David W Parent
Other affiliations: University of California, Santa Cruz, University of Connecticut
Bio: David W Parent is an academic researcher from San Jose State University. The author has contributed to research in topic(s): Transistor & Metalorganic vapour phase epitaxy. The author has an hindex of 8, co-authored 53 publication(s) receiving 299 citation(s). Previous affiliations of David W Parent include University of California, Santa Cruz & University of Connecticut.
Papers published on a yearly basis
TL;DR: In this article, the authors show that threading dislocations can be removed from patterned heteroepitaxial semiconductors by glide to the sidewalls, which is driven by the presence of image forces.
Abstract: We have shown that threading dislocations can be removed from patterned heteroepitaxial semiconductors by glide to the sidewalls, which is driven by the presence of image forces. In principle, it should be possible to attain highly mismatched heteroepitaxial semiconductors which are completely free from threading dislocations, even though they are not pseudomorphic, by patterned heteroepitaxial processing. There are two basic approaches to patterned heteroepitaxial processing. The first involves selective area growth on a pre-patterned substrate. The second approach involves post-growth patterning followed by annealing. We have developed a quantitative model which predicts that there is a maximum lateral dimension for complete removal of threading dislocations by patterned heteroepitaxy. According to our model, this maximum lateral dimension is proportional to the layer thickness and increases monotonically with the lattice mismatch. For heteroepitaxial materials with greater than 1% lattice mismatch, our model predicts that practical device-sized threading dislocation-free regions may be realized by patterned heteroepitaxial processing.
19 Jan 2013-SpringerPlus
TL;DR: In this paper, the authors explored correlations between team outcomes, personality measures and ability in an undergraduate population, and found that personality, in terms of extraversion scores, was positively correlated with instructors' assessment of team performance, which is consistent with prior research.
Abstract: The ability to work effectively on a team is highly valued by employers, and collaboration among students can lead to intrinsic motivation, increased persistence, and greater transferability of skills. Moreover, innovation often arises from multidisciplinary teamwork. The influence of personality and ability on undergraduate teamwork and performance is not comprehensively understood. An investigation was undertaken to explore correlations between team outcomes, personality measures and ability in an undergraduate population. Team outcomes included various self-, peer- and instructor ratings of skills, performance, and experience. Personality measures and ability involved the Five-Factor Model personality traits and GPA. Personality, GPA, and teamwork survey data, as well as instructor evaluations were collected from upper division team project courses in engineering, business, political science, and industrial design at a large public university. Characteristics of a multidisciplinary student team project were briefly examined. Personality, in terms of extraversion scores, was positively correlated with instructors’ assessment of team performance in terms of oral and written presentation scores, which is consistent with prior research. Other correlations to instructor-, students’ self- and peer-ratings were revealed and merit further study. The findings in this study can be used to understand important influences on successful teamwork, teamwork instruction and intervention and to understand the design of effective curricula in this area moving forward.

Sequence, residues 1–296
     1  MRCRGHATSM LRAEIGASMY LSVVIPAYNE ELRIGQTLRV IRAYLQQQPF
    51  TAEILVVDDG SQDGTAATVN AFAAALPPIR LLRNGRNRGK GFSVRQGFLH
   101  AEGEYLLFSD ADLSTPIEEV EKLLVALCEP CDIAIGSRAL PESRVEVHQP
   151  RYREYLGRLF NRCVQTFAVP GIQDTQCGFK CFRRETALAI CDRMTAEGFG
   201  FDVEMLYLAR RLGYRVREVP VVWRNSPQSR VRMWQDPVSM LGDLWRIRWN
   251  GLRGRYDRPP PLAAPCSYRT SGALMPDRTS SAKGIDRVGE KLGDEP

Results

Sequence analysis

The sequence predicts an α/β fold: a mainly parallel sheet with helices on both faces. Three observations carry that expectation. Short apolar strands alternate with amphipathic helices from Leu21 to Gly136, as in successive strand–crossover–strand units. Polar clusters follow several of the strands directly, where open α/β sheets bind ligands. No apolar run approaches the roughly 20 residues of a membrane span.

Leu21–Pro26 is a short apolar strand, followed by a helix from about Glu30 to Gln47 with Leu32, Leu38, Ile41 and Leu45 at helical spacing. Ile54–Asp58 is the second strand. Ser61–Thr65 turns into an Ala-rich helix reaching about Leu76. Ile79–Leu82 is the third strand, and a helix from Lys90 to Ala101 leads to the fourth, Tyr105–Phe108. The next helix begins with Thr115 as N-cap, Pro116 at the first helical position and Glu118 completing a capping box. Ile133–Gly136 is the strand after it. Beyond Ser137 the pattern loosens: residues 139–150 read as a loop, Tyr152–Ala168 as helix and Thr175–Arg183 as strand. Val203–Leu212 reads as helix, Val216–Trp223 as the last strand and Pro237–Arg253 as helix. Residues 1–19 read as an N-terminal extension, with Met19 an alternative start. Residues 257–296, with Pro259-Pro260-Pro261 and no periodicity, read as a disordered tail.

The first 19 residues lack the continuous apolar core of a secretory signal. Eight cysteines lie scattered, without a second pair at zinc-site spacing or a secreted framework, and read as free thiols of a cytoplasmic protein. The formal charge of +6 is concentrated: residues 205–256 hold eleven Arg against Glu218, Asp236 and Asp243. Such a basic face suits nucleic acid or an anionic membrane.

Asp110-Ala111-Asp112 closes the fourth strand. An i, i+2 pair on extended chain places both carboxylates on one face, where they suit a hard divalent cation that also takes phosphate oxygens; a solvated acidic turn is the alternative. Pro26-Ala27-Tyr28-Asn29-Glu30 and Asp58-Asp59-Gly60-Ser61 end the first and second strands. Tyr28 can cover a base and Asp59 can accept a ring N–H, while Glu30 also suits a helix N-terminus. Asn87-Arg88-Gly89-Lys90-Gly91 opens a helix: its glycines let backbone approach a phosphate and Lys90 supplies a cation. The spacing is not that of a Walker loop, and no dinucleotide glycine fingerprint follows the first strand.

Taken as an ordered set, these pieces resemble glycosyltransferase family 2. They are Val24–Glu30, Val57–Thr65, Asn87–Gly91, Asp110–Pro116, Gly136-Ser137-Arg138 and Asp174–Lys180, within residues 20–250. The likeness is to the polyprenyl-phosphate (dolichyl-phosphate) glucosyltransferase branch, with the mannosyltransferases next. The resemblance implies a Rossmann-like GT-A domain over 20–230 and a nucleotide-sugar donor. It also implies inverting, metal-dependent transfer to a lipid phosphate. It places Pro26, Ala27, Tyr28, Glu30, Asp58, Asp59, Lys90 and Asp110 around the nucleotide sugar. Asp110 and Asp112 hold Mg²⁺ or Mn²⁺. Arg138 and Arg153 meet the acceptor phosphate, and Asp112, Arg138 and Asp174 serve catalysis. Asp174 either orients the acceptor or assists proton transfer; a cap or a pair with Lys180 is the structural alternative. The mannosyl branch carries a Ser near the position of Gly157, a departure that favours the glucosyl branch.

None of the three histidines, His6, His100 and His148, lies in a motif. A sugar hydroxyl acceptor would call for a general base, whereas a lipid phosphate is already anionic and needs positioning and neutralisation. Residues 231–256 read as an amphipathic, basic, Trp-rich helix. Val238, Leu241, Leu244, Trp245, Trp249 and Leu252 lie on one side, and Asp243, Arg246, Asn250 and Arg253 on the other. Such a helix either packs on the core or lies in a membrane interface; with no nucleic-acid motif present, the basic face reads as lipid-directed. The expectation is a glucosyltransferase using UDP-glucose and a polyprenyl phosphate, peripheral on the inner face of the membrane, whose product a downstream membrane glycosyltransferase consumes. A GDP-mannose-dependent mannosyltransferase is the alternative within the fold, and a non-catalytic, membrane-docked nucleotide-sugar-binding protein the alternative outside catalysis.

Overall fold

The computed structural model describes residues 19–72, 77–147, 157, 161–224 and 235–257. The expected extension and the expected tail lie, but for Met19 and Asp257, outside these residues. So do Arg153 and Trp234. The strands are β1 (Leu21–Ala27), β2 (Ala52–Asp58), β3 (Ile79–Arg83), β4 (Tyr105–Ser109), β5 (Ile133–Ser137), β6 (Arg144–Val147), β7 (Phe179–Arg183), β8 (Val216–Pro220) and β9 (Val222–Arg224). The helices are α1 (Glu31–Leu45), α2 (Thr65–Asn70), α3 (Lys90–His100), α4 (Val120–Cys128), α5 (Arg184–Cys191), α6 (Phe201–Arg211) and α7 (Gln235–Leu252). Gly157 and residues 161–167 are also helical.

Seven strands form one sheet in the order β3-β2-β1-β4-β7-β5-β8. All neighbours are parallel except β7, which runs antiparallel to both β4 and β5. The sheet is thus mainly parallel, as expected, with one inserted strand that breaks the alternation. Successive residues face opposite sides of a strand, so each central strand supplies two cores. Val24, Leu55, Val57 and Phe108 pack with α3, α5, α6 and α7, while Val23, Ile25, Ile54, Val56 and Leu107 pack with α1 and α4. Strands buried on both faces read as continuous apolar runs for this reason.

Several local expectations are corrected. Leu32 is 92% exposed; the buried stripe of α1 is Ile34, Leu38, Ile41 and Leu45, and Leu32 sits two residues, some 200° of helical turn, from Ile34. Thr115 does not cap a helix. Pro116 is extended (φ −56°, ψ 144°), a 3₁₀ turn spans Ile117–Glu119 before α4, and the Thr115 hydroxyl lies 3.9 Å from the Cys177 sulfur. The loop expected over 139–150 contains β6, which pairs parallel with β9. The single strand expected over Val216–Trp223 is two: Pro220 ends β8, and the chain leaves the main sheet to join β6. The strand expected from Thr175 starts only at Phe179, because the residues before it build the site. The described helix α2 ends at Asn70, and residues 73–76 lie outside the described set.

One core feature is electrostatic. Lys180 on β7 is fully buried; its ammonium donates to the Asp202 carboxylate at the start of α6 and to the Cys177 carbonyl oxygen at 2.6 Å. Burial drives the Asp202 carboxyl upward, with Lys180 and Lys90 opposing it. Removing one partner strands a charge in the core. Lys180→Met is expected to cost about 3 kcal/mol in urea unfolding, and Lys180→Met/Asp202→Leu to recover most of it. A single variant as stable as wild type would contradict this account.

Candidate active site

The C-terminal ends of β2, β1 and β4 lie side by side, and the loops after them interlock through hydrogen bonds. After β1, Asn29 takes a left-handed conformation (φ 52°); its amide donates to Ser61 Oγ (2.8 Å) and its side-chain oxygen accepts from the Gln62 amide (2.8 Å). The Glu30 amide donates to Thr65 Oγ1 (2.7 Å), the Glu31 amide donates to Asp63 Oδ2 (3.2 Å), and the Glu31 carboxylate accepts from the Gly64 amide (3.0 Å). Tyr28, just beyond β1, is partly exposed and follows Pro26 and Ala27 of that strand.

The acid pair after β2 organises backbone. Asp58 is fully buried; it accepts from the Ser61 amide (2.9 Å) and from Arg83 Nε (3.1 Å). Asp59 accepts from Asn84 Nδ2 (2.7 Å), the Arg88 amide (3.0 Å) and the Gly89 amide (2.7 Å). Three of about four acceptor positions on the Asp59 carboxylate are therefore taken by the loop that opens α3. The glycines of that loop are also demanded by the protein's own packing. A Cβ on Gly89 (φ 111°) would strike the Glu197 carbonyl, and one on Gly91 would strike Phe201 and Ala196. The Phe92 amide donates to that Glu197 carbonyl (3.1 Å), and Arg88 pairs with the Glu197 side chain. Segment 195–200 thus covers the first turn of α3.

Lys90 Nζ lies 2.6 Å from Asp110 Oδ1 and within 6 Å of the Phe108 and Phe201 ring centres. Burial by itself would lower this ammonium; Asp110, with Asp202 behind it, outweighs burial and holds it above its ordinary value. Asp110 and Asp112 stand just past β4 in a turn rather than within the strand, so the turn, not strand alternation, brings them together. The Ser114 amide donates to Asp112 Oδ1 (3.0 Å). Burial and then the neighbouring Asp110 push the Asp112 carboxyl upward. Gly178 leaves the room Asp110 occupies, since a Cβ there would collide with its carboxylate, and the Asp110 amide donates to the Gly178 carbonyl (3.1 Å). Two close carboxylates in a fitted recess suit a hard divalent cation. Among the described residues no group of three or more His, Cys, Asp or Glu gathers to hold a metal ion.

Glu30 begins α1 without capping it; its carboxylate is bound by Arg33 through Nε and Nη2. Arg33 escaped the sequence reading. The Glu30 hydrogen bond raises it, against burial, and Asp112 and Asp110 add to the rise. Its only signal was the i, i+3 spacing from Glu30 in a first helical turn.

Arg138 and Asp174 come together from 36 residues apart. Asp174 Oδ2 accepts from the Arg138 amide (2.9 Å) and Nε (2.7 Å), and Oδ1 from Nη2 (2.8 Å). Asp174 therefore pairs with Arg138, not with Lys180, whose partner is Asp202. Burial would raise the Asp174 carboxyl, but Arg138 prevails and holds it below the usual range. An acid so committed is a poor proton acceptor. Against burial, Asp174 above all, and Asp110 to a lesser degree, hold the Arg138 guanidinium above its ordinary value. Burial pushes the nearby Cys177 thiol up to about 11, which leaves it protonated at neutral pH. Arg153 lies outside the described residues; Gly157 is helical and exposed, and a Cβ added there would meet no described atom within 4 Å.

TL;DR: In this article, a comparison of x-ray diffraction methods for the determination of the critical layer thickness for dislocation multiplication in mismatched heteroepitaxy was presented.
Abstract: We present a comparison of x-ray diffraction methods for the determination of the critical layer thickness for dislocation multiplication in mismatched heteroepitaxy. The conventional x-ray diffraction method for determination of the critical layer thickness is based on the direct observation of the lattice relaxation in measurements of strain (the “strain method”). An indirect method is based on the observation of the x-ray rocking curve broadening by the threading dislocations, which are introduced concurrently with misfit dislocations (the “full width at half maximum (FWHM) method”). For this study, we have applied both methods to ZnSe grown on GaAs (001) by metalorganic vapor phase epitaxy (MOVPE). We have compared the resolution of the two x-ray diffraction methods both theoretically and experimentally for the case of 004 reflections using Cukα1 radiation. Theoretically, we have shown that in this case the FWHM method is 2.6 times more sensitive to relaxation than the strain method. This conclusion is supported by our experiments, in which we determined a critical layer thickness value of 140 nm by the FWHM method, compared to 210 nm as determined by the strain method.
TL;DR: Improvements made to a complimentary metal-oxide-semiconductor fabrication laboratory course to increase student learning and student impact (enrollment).
Abstract: This paper presents improvements made to a complimentary metal-oxide-semiconductor (CMOS) fabrication laboratory course to increase student learning and student impact (enrollment). The three main improvements to the course discussed include: 1) use of a two-mask MOS process that significantly reduced the time students took previously to design, fabricate, and verify the electrical properties of a metal-oxide-semiconductor field-effect transistor (MOSFET) process; 2) students' use of a semicustom integrated circuit (IC) design that significantly reduced the average design and processing time of previous years; and 3) development and implementation of a system of course prerequisites, which allowed a larger number of students to enroll in the course.